Connecticut readers might be interested to know that timing is a big issue when deciding how to handle circumstances involving divorce and bankruptcy. It is important to understand that bankruptcy is a window of opportunity that divorce can have a profound impact on. Sources suggest that filing for bankruptcy is best done before filing for divorce, but other issues, such as a looming foreclosure, may complicate the timing.
To maximize the financial benefits of a bankruptcy, foreclosure should be avoided. A foreclosure will show up on the credit report of both ex-spouses regardless of whether a bankruptcy is successfully filed. If anti-deficiency laws are applicable and non-mortgage debt is negligible, bankruptcy itself may even be avoided. Assuming bankruptcy is inevitable, a short sale is a better option to foreclosure. A short sale involves selling the house for less than it is worth.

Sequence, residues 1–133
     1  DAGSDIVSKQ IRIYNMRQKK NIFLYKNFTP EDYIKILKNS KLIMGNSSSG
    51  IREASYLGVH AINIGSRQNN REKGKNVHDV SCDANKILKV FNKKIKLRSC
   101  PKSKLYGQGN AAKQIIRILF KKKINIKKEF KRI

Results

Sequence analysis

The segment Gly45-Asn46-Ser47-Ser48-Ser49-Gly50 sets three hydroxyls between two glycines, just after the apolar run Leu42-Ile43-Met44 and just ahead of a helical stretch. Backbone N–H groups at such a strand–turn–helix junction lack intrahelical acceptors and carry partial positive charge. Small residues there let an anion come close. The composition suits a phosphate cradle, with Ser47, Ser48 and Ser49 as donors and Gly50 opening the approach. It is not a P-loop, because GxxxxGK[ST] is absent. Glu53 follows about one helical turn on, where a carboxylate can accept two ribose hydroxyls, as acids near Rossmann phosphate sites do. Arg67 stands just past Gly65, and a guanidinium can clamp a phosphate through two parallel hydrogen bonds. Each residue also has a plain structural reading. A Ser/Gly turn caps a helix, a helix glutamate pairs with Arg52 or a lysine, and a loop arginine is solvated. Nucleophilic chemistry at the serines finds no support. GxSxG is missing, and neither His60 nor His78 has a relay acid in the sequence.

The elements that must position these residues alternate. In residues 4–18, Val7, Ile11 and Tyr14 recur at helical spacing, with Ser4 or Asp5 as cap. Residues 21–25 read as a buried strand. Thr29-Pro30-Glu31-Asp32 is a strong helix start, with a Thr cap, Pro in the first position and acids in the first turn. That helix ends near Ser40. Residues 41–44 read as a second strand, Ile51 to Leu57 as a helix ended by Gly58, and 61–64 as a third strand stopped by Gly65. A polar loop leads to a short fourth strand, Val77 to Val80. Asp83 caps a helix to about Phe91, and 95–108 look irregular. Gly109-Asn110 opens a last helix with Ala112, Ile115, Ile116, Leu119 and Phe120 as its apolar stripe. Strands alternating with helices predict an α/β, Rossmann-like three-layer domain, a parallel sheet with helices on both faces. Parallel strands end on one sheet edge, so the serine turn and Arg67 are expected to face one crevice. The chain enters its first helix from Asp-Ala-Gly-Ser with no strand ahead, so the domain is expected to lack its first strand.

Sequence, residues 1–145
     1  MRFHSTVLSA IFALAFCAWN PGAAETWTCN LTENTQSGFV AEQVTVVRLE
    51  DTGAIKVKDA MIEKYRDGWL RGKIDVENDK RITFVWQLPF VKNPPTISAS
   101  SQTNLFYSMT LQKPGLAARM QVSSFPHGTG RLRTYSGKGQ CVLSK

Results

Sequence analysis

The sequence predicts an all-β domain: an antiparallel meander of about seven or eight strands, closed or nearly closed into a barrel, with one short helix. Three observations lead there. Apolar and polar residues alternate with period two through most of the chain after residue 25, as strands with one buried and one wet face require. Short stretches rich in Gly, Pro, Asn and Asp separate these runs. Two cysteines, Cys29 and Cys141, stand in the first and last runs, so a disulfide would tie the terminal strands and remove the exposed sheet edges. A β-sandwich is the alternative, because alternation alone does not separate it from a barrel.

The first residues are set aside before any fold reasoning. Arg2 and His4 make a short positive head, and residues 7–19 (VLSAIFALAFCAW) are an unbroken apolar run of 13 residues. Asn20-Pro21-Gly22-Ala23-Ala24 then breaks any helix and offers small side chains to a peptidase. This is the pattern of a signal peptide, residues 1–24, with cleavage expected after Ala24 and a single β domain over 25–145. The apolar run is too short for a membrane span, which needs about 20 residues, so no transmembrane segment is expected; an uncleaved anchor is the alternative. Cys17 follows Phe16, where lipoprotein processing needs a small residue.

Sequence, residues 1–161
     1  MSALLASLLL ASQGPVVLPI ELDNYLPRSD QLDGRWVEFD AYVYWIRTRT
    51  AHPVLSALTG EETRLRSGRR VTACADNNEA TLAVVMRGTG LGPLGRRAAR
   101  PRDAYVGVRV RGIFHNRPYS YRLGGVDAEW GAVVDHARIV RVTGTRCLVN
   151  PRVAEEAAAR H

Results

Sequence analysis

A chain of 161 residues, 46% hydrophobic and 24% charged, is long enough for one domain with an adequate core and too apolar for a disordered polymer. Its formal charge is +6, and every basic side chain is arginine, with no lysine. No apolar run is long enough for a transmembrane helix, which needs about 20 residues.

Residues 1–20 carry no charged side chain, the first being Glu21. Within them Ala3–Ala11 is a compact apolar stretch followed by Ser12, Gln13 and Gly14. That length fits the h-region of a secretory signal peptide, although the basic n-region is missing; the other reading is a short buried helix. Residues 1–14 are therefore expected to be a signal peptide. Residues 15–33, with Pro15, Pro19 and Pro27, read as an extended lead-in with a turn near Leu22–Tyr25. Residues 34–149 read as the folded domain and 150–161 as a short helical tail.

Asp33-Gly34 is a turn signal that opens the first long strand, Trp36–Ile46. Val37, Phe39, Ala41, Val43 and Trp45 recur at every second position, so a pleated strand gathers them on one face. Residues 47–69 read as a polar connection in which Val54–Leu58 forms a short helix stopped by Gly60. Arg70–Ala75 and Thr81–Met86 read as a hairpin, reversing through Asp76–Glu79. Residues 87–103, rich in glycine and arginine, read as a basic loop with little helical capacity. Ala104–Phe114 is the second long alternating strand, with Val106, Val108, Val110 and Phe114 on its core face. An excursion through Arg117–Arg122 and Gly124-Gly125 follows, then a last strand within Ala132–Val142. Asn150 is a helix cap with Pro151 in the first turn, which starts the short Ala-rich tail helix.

As difficult as it may be, the cooperation of both spouses will be needed for the short sale, and can be beneficial for the rest of the process. However, when determining the division of assets, neither party should agree to be responsible for any debt as a condition of the divorce. This can undo any clearing of liability that the bankruptcy provided.
The most important thing to remember is that all parties should protect themselves. While cooperation is ideal, it is not always possible. A divorce lawyer may aid in defending property rights and shielding credit reports when couples decide it is time to part ways. They may also provide a bridge for communication so that both spouses can work as a team to avoid foreclosure.
Source: Fox Business, "Which Should I File First: Divorce or Bankruptcy? ", Justin Harelik, July 10, 2013